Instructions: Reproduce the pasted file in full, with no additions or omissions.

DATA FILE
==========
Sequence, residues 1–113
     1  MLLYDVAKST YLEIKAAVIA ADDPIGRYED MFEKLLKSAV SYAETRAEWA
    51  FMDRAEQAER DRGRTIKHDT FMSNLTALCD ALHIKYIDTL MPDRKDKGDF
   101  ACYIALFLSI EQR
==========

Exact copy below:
Sequence, residues 1–113
     1  MLLYDVAKST YLEIKAAVIA ADDPIGRYED MFEKLLKSAV SYAETRAEWA
    51  FMDRAEQAER DRGRTIKHDT FMSNLTALCD ALHIKYIDTL MPDRKDKGDF
   101  ACYIALFLSI EQR